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An Op-Ed never published

I recently drafted an Op-Ed that was intended for Christianity Today (CT). My goal was to provide a positive response to the unbalanced picture of missionary kid education I was finding in the pages of that influential magazine. To their credit, CT responded with genuine openness and interest, and the piece seemed to be moving towards publication. In the end, for a number of reasons, I decided to pull the article from consideration. I would like to share the article with you instead. Here it is.

The Importance of MK Schools to Global Missions

If measured by the numbers, resources, and the extent of its global reach, the period between 1945 and the present has witnessed the greatest outpouring of Christian missionary fervor in history. In many parts of the world, the direct and indirect results of this movement were remarkable. In Africa, for instance, the number of Christians grew during the 20th century from eight or nine million (9%) in 1900 to approximately 335 million (45%) in 2000, with the most dramatic growth coming during the peak of the missionary movement after World War Two.

Significantly, the influence of missionaries was not limited to evangelism and church planting. As Robert Woodbery and others have demonstrated, over the last two centuries, missionaries were a driving force behind the growth of literacy, education, and health care institutions in many parts of the global south. Even the development of democratic ideals and systems adopted in many regions appear to have been strongly influenced by “conversionary protestant missionaries”.

One of the key factors that facilitated this historically unprecedented movement was the increasing availability of schools for the children of missionaries. Recognizing that they would not be able to remain on the field for any meaningful length of time without a way to educate their children, in the decades before and after 1945, large numbers of schools for missionary children began popping up around the globe.

Today, over 150 schools founded to serve missionary families continue to play a critical role in the success and sustainability of evangelical missions globally. In many of the world’s cosmopolitan centers, schools like Morrison Academy (Taiwan), Rosslyn Academy (Nairobi), and Dalat School (Penang) are oases of learning and community, having earned outstanding reputations as places of Christ-centered excellence. And while Missionary Kid (MK) boarding schools are less prevalent today, the ones that remain are thriving, facilitating pioneering Christian work in places where no suitable educational options exist.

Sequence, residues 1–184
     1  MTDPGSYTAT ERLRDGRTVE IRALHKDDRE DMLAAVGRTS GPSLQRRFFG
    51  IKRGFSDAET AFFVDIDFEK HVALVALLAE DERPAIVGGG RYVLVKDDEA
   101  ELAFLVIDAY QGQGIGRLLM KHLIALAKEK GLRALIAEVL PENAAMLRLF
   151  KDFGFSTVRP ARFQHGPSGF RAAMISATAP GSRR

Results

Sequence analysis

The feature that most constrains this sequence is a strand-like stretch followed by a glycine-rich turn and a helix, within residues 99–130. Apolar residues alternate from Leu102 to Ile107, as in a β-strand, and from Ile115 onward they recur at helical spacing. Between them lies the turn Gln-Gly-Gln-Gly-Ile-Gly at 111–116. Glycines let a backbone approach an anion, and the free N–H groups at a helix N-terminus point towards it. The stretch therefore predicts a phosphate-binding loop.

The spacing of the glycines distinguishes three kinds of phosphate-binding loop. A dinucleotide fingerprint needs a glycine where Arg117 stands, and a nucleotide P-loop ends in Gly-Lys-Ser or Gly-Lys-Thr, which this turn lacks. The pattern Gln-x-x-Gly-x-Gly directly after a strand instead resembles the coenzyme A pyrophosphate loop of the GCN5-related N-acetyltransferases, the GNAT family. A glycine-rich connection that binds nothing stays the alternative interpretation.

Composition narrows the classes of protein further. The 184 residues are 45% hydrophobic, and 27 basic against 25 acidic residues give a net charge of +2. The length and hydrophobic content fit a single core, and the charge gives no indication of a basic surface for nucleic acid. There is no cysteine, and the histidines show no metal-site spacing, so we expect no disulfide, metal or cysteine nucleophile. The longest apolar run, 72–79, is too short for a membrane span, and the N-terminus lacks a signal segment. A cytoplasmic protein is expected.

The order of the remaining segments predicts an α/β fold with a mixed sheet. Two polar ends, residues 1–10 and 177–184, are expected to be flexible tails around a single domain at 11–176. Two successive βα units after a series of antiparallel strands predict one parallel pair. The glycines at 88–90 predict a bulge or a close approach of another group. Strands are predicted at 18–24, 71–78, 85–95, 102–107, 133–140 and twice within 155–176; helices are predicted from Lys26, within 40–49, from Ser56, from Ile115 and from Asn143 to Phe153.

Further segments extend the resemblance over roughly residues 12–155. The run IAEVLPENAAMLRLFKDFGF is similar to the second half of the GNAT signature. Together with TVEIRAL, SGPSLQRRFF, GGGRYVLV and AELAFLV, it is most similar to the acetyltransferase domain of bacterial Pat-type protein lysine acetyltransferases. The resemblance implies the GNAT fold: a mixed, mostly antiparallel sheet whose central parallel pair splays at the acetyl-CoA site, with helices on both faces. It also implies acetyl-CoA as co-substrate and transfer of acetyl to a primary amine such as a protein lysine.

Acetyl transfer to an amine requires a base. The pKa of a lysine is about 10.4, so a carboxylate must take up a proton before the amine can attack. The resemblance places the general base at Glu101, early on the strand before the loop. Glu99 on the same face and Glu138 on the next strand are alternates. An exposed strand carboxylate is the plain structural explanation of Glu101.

Despite the current health of most MK schools globally, over the last ten years Christianity Today has published numerous articles detailing past abuses at some schools for missionary children. These articles have brought needed attention to significant past failings and highlighted the ongoing and critical need to prioritize child-safety in schools everywhere. However, because these articles were one-dimensional, they created the impression that schools for missionary kids (MKs) were largely - and continue to be - deeply flawed institutions whose impact has been primarily negative. This inaccurate impression can be corrected by providing balance and context to this important story.

A Surprising Analogy

In his acclaimed book, Factfulness, Hans Rosling demonstrates how easy it is for our inclinations towards fear, generalization, and negativity to produce in us an inaccurate view of reality. One powerful illustration Rosling uses is the distorted view that many of us share regarding the dangers of nuclear energy.

Consider this example. On April 26, 1986 an experimental procedure, at a poorly designed and maintained nuclear power plant in the disintegrating Soviet Union, produced the worst nuclear energy disaster in history. How many people do you think lost their lives because of this admittedly horrific accident? 10,000? 100,000? A million?

During the three months following the Chernobyl accident, thirty people died from either the initial reactor fire or illnesses related to Acute Radiation Syndrome (ARS). And, over the last thirty-seven years since, according to the United Nations, the total deaths related to radiation from Chernobyl are less than 100.

Chernobyl was a tragedy, and the worst nuclear energy accident in history, but it wasn’t even close to being the worst energy-related disaster during that period. Even more devastating was the San Juanico accident in November of 1984, two years prior to Chernobyl. In this case, a gas leak at a storage site for liquified petroleum led to explosions that killed more than 500 people. But both of these pale in comparison to the 1975 collapse of the Banqiao hydroelectric dam in China that killed between 170,000 and 230,000 people.